Test Run

Write Low-level ASP.NET Web Services Test Automation

asp:feature

LANGUAGES: C#

ASP.NET VERSIONS: 1.1

 

Test Run

Write Low-level ASP.NET Web Services Test Automation

 

By Dr. James McCaffrey

 

The use of ASP.NET Web services is steadily increasing among the companies I work with. Application architectures that use the distributed Web service model are proving to be dramatically easier to design, deploy, and maintain than older architectures. However, I ve discovered that the techniques to write low-level test automation for Web services are not widely known. In this article, I ll show you a technique to write socket-based automation that tests one aspect of Web services security. The best way to explain where I m headed is with two screenshots. Figure 1 shows a simple, but typical, ASP.NET Web application that uses a Web method in a Web service.

 


Figure 1: The BookSearch.aspx Web application.

 

In the example in Figure 1, the BookSearch.aspx Web application uses a Web service method, which searches a SQL database of book information. Searching the database for books with a price of 22.95 returns information about two books, as shown in Figure 1. Now suppose you want to test the application s underlying Web method for its ability to resist an attack by malformed input. There is no good way to send malformed input through the application s UI, or even through the Web service interface. To send malformed input you should send corrupted, raw SOAP messages directly to the Web service method, just as an attacker would. The console application shown in Figure 2 does exactly this.

 


Figure 2: Testing the Web service with malformed input.

 

The test automation starts with a correctly formed raw SOAP message. Then the test program corrupts the message by randomly changing one character in the message. The automation uses a socket to post the malformed SOAP message directly to the Web service method over HTTP and examines the resulting HTTP response for the expected HTTP 500 server error message. If the automation finds HTTP 500 it displays a pass result and continues. If the automation does not detect the expected response, it halts and logs a test case fail message.

 

In the sections that follow I ll show you the ASP.NET Web service method and associated database we are testing, briefly examine the dummy ASP.NET Web application that uses the service, and describe in detail the low-level test automation that exercises the Web service. I ll finish up by discussing how you can adapt and extend the code presented here to meet your own needs in a production environment. If you currently use or are planning to use Web services, I think you ll find the ability to quickly write low-level test automation a valuable addition to your skill set.

 

The Web Service and the Web App

Let s take a look at the underlying Web service we will be testing. Among the most common uses of Web services is exposing centralized data to Web applications. That s what my example Web service under test does, so let s briefly examine its source SQL database. For this article I decided to use the pubs sample database that is installed with SQL Server. The pubs database contains data for a hypothetical publishing company. Figure 3 shows the titles table displayed using the Enterprise Manager program.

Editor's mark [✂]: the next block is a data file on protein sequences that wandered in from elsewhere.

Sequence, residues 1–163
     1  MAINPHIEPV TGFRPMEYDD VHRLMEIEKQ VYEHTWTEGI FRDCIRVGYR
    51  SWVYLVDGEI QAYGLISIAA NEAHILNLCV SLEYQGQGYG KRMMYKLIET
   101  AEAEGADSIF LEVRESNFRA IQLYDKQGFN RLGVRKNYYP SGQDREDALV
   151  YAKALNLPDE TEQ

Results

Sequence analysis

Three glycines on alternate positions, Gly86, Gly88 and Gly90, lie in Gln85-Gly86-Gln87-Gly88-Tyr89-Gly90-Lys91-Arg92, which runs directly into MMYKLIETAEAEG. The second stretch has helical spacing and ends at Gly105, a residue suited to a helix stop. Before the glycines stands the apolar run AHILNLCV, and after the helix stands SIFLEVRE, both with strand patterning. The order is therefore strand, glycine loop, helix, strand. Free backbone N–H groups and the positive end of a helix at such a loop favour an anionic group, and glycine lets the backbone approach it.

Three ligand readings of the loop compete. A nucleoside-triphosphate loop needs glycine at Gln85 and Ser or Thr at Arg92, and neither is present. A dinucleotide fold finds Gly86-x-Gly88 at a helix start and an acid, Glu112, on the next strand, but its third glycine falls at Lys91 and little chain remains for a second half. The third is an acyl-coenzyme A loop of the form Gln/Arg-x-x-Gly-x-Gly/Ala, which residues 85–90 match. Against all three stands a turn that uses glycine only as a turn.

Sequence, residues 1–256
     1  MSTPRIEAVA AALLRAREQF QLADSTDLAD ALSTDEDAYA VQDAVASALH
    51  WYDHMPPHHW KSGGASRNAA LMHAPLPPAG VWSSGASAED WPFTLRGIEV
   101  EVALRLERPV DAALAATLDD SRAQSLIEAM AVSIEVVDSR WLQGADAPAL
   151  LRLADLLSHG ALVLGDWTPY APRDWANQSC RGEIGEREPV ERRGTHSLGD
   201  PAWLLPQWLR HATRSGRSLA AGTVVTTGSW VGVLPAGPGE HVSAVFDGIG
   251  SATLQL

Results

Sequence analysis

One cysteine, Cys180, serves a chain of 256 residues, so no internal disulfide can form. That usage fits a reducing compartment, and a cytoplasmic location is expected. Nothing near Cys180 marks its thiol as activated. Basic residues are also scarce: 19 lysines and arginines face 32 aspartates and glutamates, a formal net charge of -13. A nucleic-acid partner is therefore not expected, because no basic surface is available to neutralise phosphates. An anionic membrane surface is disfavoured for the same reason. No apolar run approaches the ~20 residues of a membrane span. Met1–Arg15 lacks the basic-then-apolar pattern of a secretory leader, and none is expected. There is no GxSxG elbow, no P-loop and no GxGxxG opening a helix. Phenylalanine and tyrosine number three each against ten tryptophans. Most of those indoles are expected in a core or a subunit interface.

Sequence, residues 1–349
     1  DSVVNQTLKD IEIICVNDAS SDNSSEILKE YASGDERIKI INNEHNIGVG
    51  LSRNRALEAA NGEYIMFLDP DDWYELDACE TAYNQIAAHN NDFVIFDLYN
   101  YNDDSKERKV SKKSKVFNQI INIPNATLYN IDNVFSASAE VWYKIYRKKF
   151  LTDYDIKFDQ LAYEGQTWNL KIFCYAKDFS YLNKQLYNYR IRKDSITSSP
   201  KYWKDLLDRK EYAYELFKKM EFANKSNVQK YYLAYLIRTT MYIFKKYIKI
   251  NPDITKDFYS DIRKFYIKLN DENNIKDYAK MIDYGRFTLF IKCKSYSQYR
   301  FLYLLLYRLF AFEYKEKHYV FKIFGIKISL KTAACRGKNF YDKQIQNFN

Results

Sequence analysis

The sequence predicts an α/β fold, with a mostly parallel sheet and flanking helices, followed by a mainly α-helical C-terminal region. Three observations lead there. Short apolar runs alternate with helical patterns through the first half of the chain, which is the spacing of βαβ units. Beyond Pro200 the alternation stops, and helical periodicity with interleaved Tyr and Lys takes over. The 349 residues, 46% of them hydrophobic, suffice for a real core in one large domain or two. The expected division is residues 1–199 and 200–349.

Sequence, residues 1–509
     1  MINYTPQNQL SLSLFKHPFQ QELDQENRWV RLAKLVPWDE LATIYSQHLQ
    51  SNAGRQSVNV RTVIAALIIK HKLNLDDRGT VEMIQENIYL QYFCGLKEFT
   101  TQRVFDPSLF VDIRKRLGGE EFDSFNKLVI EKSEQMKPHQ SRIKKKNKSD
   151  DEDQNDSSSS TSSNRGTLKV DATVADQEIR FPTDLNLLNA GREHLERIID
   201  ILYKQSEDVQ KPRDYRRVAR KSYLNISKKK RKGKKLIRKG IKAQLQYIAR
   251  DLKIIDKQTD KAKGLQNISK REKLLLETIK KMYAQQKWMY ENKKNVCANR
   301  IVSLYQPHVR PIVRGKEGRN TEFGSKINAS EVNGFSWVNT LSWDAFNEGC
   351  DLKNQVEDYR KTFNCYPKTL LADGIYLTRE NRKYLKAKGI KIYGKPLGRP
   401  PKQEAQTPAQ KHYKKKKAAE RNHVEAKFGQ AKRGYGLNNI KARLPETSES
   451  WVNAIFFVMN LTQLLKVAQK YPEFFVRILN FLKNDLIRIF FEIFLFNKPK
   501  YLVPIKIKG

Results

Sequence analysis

Figure 3: The underlying Web service data.

 

In a production environment with a real database, you ll want to make sure that you create a dedicated database test bed rather than relying on the development database. I added one row of data to the original pubs.titles table so that I could get more than one row with a price of 22.95 (the book title Test Automation in .NET displayed in the second row in Figure 3). Besides adding a row of data to pubs.titles, I created a short stored procedure named usp_GetTitles to retrieve title data by price:

 

create procedure usp_GetTitles

 @price money

as

 select title_id, title

 from titles

 where price = @price

go

 

Although Web service methods can access SQL data using embedded SQL statements, it s generally a better idea to use stored procedures because they are more secure and have better performance. My stored procedure accepts a book price as an input argument and returns a SQL rowset with matching book IDs and titles. Finally, I augmented the pubs database by creating a SQL login named webServiceLogin that has execute permissions for the usp_GetTitles stored procedure. You can use an existing general purpose SQL login, but creating a dedicated login for Web service permissions is a much better approach because it allows you to fine tune exactly how applications can access your underlying SQL data.

 

Now let s take a quick look at the actual Web service that makes the data in pubs.titles available to applications. If you haven t created an ASP.NET Web service before, you ll be surprised at how easy Visual Studio.NET makes your job. After launching Visual Studio, I created a new C# ASP.NET Web service project and named it TheWebService. Then I added a namespace declaration ( using System.Data.SqlClient ) so I could access the SqlDataAdapter class without having to fully qualify it. Next I added a single Web method, GetTitles, to the PubsService class. The code for GetTitles is shown in Figure 4.

 

[WebMethod]

public DataSet GetTitles(double price)

{

 try

 {

 string connStr = "Server=(local);Database=pubs;

                   UID=webServiceLogin;PWD=secret";